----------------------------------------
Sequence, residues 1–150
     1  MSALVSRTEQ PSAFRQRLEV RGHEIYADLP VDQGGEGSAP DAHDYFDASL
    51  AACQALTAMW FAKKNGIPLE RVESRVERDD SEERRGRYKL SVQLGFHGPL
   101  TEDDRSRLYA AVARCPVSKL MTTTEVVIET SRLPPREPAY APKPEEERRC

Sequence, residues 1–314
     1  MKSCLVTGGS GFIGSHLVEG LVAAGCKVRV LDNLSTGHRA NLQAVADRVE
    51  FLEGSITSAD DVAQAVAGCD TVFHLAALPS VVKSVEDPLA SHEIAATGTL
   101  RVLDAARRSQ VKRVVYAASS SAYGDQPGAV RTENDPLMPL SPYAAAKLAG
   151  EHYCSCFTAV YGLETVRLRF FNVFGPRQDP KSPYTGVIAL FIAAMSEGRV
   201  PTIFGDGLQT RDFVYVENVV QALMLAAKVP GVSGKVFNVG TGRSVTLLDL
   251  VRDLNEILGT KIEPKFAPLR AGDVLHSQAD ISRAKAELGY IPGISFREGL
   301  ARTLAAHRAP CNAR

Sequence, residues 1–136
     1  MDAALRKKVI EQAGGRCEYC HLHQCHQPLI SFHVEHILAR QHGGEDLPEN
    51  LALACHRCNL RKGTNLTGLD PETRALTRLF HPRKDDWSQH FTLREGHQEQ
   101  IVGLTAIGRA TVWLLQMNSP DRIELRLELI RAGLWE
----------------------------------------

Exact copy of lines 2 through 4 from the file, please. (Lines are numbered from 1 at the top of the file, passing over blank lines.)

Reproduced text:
     1  MSALVSRTEQ PSAFRQRLEV RGHEIYADLP VDQGGEGSAP DAHDYFDASL
    51  AACQALTAMW FAKKNGIPLE RVESRVERDD SEERRGRYKL SVQLGFHGPL
   101  TEDDRSRLYA AVARCPVSKL MTTTEVVIET SRLPPREPAY APKPEEERRC